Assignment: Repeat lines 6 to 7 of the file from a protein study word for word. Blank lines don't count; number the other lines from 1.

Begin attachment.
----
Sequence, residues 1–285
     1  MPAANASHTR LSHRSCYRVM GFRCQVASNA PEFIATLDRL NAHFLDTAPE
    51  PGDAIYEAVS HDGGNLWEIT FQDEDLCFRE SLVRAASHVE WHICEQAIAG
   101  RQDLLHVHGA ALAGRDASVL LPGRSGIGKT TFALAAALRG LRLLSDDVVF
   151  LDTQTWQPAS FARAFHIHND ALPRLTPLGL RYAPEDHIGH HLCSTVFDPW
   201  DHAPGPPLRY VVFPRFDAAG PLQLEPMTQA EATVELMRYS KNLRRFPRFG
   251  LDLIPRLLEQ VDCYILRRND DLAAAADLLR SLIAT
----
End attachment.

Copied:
   201  DHAPGPPLRY VVFPRFDAAG PLQLEPMTQA EATVELMRYS KNLRRFPRFG
   251  LDLIPRLLEQ VDCYILRRND DLAAAADLLR SLIAT